/ Modified sep 25, 2018 10:36 a.m.

Will Water Return to Tucson's Washes?

A group hopes to restore running water to the city's watershed.

River Network Staff Catlow Shipek, left, and Trevor Hare, from Watershed Management Group, address the Tucson metropolitan area's groundwater situation.
Tony Paniagua, AZPM

Flowing water is a rare sight in Tucson's rivers and washes, but local activists hope this uncommon scene can become more frequent in the future, not just during summer monsoons or winter rains.

As part of its River Run Network, members of Watershed Management Group are conducting monthly creek walks to educate members of the community about these natural assets in the city.

The washes are home to many trees and plants that also provide shade and habitat for different species such as birds, coyotes and javelinas.

The goal of restoring these washes — also called arroyos — may seem far-fetched, but WMG believes it can be done through a cooperative effort between agencies, neighborhoods, scientists and others who take measures to save water and increase groundwater levels.

The next River Run Network Creek Walk is Friday, Sept. 28 at Christmas Wash near the Rillito River and Tucson Boulevard.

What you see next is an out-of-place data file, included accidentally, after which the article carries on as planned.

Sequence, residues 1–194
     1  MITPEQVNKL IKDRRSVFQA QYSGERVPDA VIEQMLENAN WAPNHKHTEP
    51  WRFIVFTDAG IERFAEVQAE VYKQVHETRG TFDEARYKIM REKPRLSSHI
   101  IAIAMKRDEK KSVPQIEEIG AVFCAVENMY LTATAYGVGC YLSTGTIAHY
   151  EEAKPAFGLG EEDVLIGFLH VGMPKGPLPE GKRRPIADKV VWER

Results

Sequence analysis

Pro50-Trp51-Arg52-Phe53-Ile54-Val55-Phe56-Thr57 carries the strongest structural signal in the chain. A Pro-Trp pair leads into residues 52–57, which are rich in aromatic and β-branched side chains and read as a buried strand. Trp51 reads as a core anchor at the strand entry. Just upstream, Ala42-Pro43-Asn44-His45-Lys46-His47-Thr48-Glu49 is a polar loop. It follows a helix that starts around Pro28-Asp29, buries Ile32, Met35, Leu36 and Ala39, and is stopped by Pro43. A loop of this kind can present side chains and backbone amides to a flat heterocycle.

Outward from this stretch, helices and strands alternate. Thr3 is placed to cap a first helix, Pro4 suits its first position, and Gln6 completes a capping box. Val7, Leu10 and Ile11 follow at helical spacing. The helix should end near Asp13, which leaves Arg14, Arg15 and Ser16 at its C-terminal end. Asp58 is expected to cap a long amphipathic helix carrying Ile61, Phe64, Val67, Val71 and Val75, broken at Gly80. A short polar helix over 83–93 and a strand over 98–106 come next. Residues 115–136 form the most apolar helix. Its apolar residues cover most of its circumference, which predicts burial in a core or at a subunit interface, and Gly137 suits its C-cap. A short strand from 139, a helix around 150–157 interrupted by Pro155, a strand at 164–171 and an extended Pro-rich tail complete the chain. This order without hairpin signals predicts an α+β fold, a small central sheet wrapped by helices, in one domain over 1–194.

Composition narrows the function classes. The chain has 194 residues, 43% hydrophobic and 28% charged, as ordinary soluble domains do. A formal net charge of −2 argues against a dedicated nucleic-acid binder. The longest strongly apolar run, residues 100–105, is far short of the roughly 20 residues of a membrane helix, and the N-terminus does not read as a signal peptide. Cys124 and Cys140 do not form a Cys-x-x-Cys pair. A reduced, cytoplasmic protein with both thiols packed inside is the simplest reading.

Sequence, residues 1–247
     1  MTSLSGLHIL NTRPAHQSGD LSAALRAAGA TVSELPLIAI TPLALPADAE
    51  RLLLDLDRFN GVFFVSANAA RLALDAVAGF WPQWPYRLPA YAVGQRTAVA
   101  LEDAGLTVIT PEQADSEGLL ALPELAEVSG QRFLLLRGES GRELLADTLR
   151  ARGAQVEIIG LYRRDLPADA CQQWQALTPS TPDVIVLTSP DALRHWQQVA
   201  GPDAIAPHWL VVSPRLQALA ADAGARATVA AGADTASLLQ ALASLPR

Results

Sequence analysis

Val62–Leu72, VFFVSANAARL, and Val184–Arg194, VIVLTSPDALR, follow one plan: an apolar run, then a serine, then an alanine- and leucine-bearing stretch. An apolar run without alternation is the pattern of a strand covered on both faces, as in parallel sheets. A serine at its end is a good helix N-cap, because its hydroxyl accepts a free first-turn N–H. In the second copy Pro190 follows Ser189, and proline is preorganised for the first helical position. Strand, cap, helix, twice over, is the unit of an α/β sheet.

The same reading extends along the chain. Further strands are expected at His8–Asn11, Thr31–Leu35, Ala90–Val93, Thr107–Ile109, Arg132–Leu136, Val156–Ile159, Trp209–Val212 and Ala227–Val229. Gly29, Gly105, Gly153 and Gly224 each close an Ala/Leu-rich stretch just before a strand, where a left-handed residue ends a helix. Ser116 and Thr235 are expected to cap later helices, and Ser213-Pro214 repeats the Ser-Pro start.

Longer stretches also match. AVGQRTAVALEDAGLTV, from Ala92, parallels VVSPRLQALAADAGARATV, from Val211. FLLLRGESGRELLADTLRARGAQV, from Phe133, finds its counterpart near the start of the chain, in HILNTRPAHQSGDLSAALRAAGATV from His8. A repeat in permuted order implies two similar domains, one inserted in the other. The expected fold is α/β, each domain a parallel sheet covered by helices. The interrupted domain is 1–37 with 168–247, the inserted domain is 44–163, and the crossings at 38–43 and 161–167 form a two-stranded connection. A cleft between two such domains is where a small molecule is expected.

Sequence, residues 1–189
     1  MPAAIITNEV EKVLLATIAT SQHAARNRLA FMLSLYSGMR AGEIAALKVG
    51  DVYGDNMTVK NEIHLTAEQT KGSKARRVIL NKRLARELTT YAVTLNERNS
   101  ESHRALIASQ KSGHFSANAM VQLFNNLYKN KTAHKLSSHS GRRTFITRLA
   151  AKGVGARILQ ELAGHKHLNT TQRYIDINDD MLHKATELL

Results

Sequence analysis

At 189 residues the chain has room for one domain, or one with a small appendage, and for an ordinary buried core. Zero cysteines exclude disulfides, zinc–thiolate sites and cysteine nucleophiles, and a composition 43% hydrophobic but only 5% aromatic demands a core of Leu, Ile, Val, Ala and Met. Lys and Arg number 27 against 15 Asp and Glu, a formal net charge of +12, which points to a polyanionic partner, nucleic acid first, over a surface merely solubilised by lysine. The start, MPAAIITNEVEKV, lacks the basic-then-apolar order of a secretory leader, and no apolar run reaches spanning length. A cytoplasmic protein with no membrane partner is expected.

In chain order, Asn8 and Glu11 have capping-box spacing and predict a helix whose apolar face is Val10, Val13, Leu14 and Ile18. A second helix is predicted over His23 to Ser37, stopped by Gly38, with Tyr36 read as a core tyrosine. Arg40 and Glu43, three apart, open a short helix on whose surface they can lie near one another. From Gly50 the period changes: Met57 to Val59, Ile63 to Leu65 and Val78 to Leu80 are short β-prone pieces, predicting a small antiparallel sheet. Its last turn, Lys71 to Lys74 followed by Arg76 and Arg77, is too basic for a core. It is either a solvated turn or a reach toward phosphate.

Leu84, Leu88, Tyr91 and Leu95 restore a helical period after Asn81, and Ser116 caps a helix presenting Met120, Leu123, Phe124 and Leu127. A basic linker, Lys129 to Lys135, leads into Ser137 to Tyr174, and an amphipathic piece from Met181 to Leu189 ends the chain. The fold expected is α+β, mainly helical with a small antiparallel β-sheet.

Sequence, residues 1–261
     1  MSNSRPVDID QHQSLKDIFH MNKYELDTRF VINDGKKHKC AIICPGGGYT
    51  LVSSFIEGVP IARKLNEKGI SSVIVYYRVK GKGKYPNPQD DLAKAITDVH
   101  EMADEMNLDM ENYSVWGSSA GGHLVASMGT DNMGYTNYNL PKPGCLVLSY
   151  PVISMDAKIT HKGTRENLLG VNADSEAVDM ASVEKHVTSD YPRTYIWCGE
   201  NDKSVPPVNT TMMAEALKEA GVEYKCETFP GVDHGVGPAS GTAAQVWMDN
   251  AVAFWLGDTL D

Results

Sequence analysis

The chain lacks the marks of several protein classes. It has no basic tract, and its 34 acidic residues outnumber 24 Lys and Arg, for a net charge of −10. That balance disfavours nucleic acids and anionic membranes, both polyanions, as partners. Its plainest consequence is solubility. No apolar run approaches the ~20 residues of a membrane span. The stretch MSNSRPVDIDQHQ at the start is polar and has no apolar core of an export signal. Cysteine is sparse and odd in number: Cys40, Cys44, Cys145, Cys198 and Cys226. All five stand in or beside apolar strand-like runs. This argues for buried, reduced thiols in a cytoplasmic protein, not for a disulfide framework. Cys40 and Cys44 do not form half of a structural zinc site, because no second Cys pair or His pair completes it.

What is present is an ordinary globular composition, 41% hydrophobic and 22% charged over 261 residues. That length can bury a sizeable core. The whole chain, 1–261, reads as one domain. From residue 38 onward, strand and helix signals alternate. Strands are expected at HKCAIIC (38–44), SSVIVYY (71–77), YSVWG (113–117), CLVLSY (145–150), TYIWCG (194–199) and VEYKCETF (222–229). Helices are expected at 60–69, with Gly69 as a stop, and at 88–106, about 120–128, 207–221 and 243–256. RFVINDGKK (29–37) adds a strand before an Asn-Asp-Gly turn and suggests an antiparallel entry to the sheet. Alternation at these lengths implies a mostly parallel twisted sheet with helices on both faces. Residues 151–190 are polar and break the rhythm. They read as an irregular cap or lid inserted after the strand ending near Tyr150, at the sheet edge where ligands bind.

It begins at 5:30 pm and is free and open to the public but WMG is asking that people register online.

River Network Families The Watershed Management Group wants everyone in the community to learn more about our washes and rivers.
Tony Paniagua, AZPM
River Network Rillito Plants Members of the Watershed Management Group want to restore flowing water to the area's rivers and washes, which are still providing habitat for local wildlife.
Tony Paniagua, AZPM
River Network Discussion Dozens of people have been attending the "creek walks" provided by the Watershed Management Group.
Tony Paniagua, AZPM
River Network Bridge Participants walk along the Rillito River path in on the tours held by members of Watershed Management Group.
Tony Paniagua, AZPM
River Network Sunset Members of the Watershed Management Group dream of a time when water will flow more frequently in the area's rivers and washes.
Tony Paniagua, AZPM

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